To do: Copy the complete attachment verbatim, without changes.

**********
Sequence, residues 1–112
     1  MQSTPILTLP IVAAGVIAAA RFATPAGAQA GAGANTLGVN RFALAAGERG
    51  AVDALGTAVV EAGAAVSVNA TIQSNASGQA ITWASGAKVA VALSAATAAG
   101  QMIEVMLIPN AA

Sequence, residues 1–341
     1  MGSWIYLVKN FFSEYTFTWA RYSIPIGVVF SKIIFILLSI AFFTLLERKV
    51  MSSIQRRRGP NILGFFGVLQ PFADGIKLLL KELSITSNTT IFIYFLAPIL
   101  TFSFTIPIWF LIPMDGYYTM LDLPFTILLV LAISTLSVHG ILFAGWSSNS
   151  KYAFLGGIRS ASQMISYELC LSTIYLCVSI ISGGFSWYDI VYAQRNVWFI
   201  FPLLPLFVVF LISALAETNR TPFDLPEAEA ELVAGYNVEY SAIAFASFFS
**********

Sequence, residues 1–112
     1  MQSTPILTLP IVAAGVIAAA RFATPAGAQA GAGANTLGVN RFALAAGERG
    51  AVDALGTAVV EAGAAVSVNA TIQSNASGQA ITWASGAKVA VALSAATAAG
   101  QMIEVMLIPN AA

Sequence, residues 1–341
     1  MGSWIYLVKN FFSEYTFTWA RYSIPIGVVF SKIIFILLSI AFFTLLERKV
    51  MSSIQRRRGP NILGFFGVLQ PFADGIKLLL KELSITSNTT IFIYFLAPIL
   101  TFSFTIPIWF LIPMDGYYTM LDLPFTILLV LAISTLSVHG ILFAGWSSNS
   151  KYAFLGGIRS ASQMISYELC LSTIYLCVSI ISGGFSWYDI VYAQRNVWFI
   201  FPLLPLFVVF LISALAETNR TPFDLPEAEA ELVAGYNVEY SAIAFASFFS